do ticket prices ever go down? this is a serious question. did the white sox reduce their prices?

  10. Good for Showalter. He is exactly right.

    Your team has 3 hits, no runs scored, and it is the end of 5 innings:

    If your starter is throwing a 1-hit shutout, you feel good and know that you’ll eventually get that 1 run you need.

    If your starter has given up 2 runs, you despair and are sure your team can’t possibly win..

  11. http://deadspin.com/an-astros-game-had-just-1-000-tv-viewers-1333179616

    It was a home game, so you can probably add about 40,000 in attendance to get the total viewership…right?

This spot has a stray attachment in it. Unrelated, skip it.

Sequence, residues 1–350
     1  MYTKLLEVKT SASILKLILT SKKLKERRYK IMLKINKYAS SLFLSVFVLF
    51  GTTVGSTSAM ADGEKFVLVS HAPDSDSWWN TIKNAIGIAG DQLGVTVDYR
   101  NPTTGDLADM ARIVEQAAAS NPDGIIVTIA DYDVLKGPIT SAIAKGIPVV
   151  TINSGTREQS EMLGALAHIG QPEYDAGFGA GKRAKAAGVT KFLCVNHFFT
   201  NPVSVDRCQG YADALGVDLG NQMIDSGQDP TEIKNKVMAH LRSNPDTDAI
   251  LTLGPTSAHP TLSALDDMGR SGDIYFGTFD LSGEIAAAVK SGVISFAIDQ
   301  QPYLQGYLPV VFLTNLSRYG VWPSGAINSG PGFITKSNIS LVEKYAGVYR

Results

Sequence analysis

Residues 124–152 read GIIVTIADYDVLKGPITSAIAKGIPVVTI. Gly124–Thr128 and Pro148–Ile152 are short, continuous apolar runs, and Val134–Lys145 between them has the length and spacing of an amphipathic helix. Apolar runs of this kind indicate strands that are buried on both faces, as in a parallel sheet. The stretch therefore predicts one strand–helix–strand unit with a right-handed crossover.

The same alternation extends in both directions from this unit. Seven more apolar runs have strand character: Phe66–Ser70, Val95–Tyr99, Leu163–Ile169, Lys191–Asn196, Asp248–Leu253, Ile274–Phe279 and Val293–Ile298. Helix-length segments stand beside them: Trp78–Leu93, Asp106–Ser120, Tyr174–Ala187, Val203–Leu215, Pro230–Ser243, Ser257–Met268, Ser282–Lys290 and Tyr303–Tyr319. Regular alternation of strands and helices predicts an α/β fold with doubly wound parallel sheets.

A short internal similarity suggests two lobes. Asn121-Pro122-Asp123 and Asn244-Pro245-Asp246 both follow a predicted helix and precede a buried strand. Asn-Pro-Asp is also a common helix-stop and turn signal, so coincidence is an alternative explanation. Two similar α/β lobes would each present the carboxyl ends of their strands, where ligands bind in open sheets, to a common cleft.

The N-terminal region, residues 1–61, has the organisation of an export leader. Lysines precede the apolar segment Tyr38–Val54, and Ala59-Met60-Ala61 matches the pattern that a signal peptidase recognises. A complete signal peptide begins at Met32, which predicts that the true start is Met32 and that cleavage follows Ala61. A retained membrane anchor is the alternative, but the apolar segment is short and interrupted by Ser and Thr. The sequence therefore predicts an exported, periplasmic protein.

You can sort of understand why Rogers is so pleased drawing 500k a night out of a horribly underachieving Jays team.

  12. +1 on stopping the winning culture bullshit. baseball is not the same as hockey or football.

    • Baseball is barely a team game. Its a bunch of individual match ups with results based on individual performances. There just happens to be 9 men on the field. Football and hockey require cooperation from teammates to succeed, not so in baseball.

  13. Hey, you’re the goto extrep. Thanks for hanging out here.